Camden College. Sean Bateman is the younger brother of depraved Wall Street broker Patrick Bateman. He's also a drug dealer who owes a lot of money to "fellow" dealer Rupert Guest, as well as a well-known womanizer, for he sleeps with nearly half of the female population on campus. Lauren Hynde is, technically, a virgin. She's saving herself for her shallow boyfriend, Victor Johnson, who's left the States to backpack across Europe. Her slutty roommate, Lara, has the hots for Victor as well. Paul Denton, who used to date Lauren, is openly bisexual and attracted to Mitchell Allen, who's dating Candice to prove to Paul that he's not gay. Sean loves Lauren. Paul loves Sean. And Lauren may love Sean.Written by
According to an interview with Movieline.com in 2010, Bret Easton Ellis has said this is his favorite of the adaptations of his books. See more »
When Sean and his drug dealer fight, the cocaine around the drug dealer's nose disappears and reappears between shots. See more »
and it's a story that might bore you, but you don't have to listen, because I always knew it was going to be like that.
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The credits run backwards, starting with the disclaimer ("Any similarity to persons living or dead...") and rolling upwards to end with the cast. See more »
The version released on video/DVD in the UK was heavily cut (even with an 18 cert) for the suicide sequence:
To obtain this category cuts of 1m 34s were required., some or all of these cuts were substitutions. The cuts were Compulsory.
A cut was required to a scene in which a teenage girl slits her wrists, on the grounds that the technique used is not widely known and is potentially more likely to result in death than the more common method, in line with the Video Recordings Act 1984, and BBFC Guidelines and Policy
L'ami Cauette (My Pal Peanut)
Performed by Serge Gainsbourg
Written by Serge Gainsbourg
Published by Melody Nelson Publishing
Courtesy of Universal Music S.A. (France) Division Mercury
Under License from Universal Music Enterprise (P) 1975
Universal Music S.A. Division Mercury See more »
For those who like their humor served with a side of cynicism and twisted laughs to wash it down with, 'The Rules of Attraction' is for you. From the author of 'American Psycho', it's yet another film you simply need to experience rather than read about. You just can't put in writing the biting tone that's captured so well in this great satire of relationships and society. But if you want to see me try, read on.
The younger brother of Patrick Bateman (yes, the American Psycho), Sean Batemen (James Van Der Beek) attends Camden College where he deals drugs and sleeps with a new woman every night. Bateman's latest womanizing quest brings him to Lauren Hynde (Shannyn Sossamon), a virgin who's saving herself for the right person. This happens to be her boyfriend Victor, currently back-packing across Europe. So instead, Bateman hooks up with Lauren's roommate, Lara (Jessica Biel). Meanwhile, Paul Denton (Ian Somerhalder) is a provocative student who dated Lauren before coming out of the closet. Now, Paul's current object of affection is Sean, who is completely uninterested. The disruptive lives of these individuals and more will collide and cross paths in this deep, vast pool of misery.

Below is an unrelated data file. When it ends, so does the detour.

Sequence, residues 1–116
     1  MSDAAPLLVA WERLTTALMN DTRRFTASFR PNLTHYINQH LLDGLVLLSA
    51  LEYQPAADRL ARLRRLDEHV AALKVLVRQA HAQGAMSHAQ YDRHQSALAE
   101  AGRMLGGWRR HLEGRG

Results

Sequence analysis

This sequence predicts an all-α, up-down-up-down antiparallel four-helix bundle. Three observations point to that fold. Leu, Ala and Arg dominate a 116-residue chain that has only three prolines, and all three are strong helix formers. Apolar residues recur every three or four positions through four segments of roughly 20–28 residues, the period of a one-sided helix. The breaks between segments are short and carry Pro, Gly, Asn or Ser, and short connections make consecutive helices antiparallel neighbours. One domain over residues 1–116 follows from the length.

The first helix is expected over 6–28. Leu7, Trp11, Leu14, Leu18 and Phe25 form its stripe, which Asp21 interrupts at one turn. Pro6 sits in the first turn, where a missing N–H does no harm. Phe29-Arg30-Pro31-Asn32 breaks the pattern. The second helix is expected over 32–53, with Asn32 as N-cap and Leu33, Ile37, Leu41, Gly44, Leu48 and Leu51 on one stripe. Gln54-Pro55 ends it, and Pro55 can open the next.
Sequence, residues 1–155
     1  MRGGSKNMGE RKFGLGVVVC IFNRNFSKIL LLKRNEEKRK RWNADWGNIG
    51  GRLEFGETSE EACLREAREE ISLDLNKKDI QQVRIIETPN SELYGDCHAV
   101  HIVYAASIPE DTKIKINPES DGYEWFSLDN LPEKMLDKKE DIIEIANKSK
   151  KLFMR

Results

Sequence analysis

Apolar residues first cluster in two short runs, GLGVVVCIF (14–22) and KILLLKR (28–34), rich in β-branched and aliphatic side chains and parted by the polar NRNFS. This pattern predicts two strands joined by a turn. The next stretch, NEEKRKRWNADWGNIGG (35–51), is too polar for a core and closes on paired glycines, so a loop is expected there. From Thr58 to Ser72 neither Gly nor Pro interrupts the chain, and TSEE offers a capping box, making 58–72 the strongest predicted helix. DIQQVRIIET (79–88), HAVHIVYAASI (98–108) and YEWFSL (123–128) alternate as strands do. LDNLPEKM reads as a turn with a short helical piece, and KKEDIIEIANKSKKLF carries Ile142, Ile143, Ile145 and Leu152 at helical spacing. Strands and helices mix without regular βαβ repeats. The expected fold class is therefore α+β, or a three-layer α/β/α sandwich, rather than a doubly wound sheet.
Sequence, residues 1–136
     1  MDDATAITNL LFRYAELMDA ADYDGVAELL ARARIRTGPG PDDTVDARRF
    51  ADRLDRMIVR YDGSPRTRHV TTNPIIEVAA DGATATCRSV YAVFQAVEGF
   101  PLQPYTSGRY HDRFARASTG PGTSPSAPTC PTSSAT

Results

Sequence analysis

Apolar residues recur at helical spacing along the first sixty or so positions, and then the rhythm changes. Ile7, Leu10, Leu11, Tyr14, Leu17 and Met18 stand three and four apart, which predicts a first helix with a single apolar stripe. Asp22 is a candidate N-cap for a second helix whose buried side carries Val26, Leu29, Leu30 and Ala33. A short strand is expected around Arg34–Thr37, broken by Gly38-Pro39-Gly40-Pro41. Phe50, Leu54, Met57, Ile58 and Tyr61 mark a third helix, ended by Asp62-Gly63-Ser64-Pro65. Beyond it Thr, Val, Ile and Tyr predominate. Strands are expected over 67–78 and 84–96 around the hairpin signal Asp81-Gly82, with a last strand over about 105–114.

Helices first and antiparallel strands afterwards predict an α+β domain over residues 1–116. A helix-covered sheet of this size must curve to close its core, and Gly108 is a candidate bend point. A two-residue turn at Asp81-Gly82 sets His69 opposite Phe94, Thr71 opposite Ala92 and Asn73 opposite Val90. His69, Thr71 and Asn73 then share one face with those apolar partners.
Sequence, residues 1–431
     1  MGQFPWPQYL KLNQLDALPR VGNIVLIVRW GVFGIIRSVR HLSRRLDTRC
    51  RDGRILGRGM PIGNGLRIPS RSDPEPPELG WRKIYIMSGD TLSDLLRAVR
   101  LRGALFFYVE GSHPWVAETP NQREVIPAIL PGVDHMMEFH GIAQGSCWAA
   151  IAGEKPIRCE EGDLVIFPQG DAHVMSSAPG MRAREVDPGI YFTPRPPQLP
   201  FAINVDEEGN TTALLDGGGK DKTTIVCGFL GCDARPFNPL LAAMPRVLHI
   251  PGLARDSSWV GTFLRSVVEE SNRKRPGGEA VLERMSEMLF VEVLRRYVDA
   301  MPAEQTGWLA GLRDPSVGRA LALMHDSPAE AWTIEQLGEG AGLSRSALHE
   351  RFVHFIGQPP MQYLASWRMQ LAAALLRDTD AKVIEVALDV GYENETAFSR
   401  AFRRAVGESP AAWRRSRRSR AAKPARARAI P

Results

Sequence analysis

What separates a film like this from the other teenage sex comedies is how brutally realistic and honest it is. It doesn't use sex as its only weapon, but exerts social commentary while still earning savagely funny laughs at the same time. It understands its target audience, and instead of handing them another pre-packaged and clichéd sex romp, 'Attraction' caters to its audience by darkly satirizing the unrealistic world of many similar films. And so it is, in a way, 'American Pie' for higher thinkers, those who yearn for more substance.
Props to Roger Avary for brilliantly directing and adapting the source material. He directs with a great sense of style that doesn't detract from the film, but only enhances and adds to this bold and innovative film. It dares to be so outrageous at times, it'll have you laughing out loud through the length of entire scenes. Other times, it's twisted sense of humor will leave you feeling guilty for laughing. But you have nothing to regret.
'Rules of Attraction' is character driven from the very start. It relies so heavily on its disturbed characters, that a workable cast is detrimental. The people featured here are not people to admire, and they're not here to make the right choices in life. They're bad people who make bad decisions, and through their decisions the effects they have on other characters is explored. Avary squeezes every ounce of talent from his cast, who all seem deeply dedicated to their roles. And with James Van Der Beek and Jessica Biel coming from successful television shows with squeaky clean images, it's no surprise this film caused quite a stir. Both find themselves in a new environment, and both end up excelling. Yet the performance of the film comes from Ian Somerhalder, who helps provide the film's most outrageously funny scene (you'll know when you see it).
'The Rules of Attraction' doesn't follow a set path. Its characters don't follow a certain stereotype. It's what helps make 'Attraction' such a great film, which begins with the end. It's a film of cause and effect, and from this opening scene, we work out way back to uncover how these characters ended up the way they did. It's not pretty, and it's certainly not uplifting. It's life. And life usually isn't very pretty nor uplifting. We drift, looking for answers and direction. We make choices. And those choices have consequences. There are no rules to 'Rules of Attraction'. But if there were, I wouldn't tell you. You'd have to watch it yourself to find out.
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